Dep't of Envtl. Quality v. Gomez, Docket No. 328033.

Decision Date17 November 2016
Docket NumberDocket No. 328033.
Citation896 N.W.2d 39,318 Mich.App. 1
CourtCourt of Appeal of Michigan — District of US

Bill Schuette, Attorney General, Aaron D. Lindstrom, Solicitor General, Matthew Schneider, Chief Legal Counsel, and Kelly M. Drake, Assistant Attorney General, for plaintiff.

Conlin, McKenney & Philbrick, PC, Ann Arbor (by Douglas G. McClure ), for defendants.

Before: RIORDAN, P.J., and METER and OWENS, JJ.


Defendants, Hernan F. Gomez and Bethany M. Gomez, appeal as of right the trial court's judgment—following a grant of summary disposition in favor of plaintiff, the Department of Environmental Quality, on the issue of liability and a bench trial on remedies—ordering defendants to remove the 1.2 acres of fill material they had placed in a wetland on their property, to restore the area to its previous condition, and to pay a $10,000 civil fine. For the reasons stated in this opinion we affirm.


In 2002, defendants purchased approximately 54 acres of property in Green Oak Township, Michigan, with the intention of constructing a home and an adjoining "working ranch" with horses. After building the house, defendants selected an area of land on the property to convert into a horse pasture. However, in order to make the land suitable for "pasture seed," they believed that "top soil" needed to be added. Accordingly, they placed "fill dirt" in the area between May 2005 and December 2010.

While reviewing aerial photographs in an unrelated matter, Justin Smith, an environmental quality specialist for the Department of Environmental Quality (DEQ), happened to notice what "looked like ... a filled wetland area" on defendants' property. Later, he and Thomas Kolhoff, a district representative for the DEQ and the Water Resources Division (WRD), conducted an onsite investigation of defendants' property in fall 2010, during which they sampled the vegetation and the soil, photographed the site, and identified the filled area's boundary. When they arrived at the property, Smith observed "a cleared area with exposed" light-colored soil, "no vegetation," and "some remnant of remaining wetlands that were not filled" nearby. He specifically observed "a section of cattails 30 feet wide" and "another small section that was not filled, that was basically ... shrub swamp," which "was inundated with approximately six inches of water." Kolhoff performed four or five soil borings and attempted to perform more, but he "couldn't get through the fill," which included either "broken concrete or thick gravel."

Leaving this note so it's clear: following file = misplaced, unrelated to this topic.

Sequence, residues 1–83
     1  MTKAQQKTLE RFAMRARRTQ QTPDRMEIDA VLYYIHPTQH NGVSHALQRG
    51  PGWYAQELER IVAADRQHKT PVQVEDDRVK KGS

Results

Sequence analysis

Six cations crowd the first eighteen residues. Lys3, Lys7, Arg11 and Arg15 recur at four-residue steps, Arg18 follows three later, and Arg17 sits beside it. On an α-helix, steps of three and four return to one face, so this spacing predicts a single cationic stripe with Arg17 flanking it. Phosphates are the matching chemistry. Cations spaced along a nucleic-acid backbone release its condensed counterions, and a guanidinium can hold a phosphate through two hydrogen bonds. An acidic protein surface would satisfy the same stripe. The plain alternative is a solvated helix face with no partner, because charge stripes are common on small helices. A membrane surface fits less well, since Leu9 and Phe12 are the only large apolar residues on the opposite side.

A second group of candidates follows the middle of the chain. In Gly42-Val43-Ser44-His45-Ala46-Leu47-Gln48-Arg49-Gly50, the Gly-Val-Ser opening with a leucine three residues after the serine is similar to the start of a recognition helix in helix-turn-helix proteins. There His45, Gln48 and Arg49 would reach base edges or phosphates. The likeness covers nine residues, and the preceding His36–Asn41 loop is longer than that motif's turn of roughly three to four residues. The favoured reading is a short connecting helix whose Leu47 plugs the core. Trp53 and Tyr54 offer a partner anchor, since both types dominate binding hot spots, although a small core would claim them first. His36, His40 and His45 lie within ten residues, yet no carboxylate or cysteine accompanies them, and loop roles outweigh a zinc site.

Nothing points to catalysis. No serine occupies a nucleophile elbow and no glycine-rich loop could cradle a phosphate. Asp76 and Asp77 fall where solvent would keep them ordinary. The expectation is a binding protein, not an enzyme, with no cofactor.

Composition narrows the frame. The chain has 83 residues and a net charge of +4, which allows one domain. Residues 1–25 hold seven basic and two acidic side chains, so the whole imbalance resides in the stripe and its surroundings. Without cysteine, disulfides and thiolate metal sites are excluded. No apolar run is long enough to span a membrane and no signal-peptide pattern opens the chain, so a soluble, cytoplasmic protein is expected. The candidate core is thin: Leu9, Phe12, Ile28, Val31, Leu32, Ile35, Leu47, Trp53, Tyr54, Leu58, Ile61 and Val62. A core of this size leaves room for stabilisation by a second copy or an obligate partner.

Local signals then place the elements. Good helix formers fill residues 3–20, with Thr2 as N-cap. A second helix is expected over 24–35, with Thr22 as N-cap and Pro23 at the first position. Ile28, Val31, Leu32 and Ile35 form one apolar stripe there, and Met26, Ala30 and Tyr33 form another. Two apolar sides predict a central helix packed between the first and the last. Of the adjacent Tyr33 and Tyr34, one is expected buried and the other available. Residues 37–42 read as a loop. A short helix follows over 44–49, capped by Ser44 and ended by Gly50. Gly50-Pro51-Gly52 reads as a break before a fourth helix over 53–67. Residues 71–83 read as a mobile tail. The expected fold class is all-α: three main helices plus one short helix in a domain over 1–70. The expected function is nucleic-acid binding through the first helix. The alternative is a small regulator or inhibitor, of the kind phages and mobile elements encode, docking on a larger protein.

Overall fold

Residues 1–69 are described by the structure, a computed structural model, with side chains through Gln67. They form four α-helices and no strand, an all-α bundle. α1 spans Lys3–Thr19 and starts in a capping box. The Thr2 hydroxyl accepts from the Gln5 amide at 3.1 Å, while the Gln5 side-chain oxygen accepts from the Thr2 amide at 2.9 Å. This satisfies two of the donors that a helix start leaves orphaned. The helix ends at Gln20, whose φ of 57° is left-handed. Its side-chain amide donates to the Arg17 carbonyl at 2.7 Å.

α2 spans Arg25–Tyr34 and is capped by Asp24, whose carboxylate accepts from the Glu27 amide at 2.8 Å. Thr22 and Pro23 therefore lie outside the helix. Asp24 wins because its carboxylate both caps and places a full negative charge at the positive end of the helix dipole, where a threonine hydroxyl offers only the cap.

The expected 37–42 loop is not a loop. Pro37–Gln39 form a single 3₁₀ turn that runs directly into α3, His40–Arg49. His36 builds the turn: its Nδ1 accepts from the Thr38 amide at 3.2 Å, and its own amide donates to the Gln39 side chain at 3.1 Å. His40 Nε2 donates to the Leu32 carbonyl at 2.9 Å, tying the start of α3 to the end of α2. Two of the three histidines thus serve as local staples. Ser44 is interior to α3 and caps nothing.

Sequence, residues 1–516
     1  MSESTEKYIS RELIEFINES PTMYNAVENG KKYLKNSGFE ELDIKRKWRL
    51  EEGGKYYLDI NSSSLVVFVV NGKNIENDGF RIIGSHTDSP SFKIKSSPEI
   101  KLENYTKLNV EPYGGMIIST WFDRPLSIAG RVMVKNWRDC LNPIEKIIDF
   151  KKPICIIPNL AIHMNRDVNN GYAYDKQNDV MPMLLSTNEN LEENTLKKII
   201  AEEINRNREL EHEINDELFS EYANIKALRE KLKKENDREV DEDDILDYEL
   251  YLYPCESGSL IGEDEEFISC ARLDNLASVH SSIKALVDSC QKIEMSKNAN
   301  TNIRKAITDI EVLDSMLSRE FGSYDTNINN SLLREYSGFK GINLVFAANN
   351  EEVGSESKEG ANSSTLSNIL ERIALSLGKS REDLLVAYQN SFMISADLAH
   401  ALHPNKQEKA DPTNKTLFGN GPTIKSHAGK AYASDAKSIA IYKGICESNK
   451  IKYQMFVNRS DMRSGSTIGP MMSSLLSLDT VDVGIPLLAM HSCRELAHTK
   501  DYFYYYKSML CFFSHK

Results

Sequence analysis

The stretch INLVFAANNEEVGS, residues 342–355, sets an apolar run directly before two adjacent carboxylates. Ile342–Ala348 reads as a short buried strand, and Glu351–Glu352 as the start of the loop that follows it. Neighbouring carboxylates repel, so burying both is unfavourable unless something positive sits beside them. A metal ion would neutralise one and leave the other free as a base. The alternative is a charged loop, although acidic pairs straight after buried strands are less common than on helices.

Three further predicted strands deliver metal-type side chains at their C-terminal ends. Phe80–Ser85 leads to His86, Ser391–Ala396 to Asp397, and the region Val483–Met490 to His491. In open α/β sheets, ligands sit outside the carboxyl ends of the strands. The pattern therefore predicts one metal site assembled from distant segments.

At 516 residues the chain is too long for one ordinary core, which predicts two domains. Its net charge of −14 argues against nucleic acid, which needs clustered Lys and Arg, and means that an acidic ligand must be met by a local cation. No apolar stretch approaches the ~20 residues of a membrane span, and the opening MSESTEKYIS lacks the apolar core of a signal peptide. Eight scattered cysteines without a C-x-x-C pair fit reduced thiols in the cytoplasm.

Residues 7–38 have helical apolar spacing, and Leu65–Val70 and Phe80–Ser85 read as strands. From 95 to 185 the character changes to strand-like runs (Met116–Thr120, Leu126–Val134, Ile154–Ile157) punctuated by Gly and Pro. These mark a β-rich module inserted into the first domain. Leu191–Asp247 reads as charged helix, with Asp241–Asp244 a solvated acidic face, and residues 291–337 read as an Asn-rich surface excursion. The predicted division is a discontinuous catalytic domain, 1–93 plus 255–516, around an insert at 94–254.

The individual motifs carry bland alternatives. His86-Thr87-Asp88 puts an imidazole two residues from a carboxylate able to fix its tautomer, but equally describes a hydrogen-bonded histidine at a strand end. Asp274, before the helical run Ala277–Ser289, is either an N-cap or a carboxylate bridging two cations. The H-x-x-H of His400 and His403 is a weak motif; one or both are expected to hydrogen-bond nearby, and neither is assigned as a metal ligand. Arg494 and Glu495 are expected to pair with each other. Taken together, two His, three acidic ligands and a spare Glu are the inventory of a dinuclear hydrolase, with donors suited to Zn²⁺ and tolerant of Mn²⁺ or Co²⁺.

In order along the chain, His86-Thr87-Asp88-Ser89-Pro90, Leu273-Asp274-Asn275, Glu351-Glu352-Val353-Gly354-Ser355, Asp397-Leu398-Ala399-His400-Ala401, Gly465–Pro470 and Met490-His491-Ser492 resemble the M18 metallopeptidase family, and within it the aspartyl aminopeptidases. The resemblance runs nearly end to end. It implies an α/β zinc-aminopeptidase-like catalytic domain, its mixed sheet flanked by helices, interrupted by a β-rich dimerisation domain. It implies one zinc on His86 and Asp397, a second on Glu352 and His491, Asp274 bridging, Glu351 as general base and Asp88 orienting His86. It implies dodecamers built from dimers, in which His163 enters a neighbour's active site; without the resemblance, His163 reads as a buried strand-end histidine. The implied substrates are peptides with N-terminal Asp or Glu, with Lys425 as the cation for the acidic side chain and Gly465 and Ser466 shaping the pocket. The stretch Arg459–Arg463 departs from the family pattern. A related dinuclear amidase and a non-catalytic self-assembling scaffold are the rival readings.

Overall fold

Smith issued a DEQ violation notice on December 2, 2010, informing defendants that an inspection of their property revealed that "fill material had been placed within wetland regulated under the authority of Part 303 [MCL 324.30301 et seq. ]" of the Natural Resources and Environmental Protection Act (NREPA) [MCL 324.101 et seq. ], and that "it appears that this activity was conducted in violation of Part 303" because the filling was performed without a permit, contrary to MCL 324.30304.1 Smith also told defendants that the WRD had "determined that a permit would not have been approved for this project" and that defendants were required bring their property into compliance with Part 303 within 30 days by restoring the site to a wetland. According to defendants, they did not deposit additional fill material on their property after they received the violation notice, but they "continued thereafter to merely plant and nurture pasture grass seed on the land on which fill had already been deposited."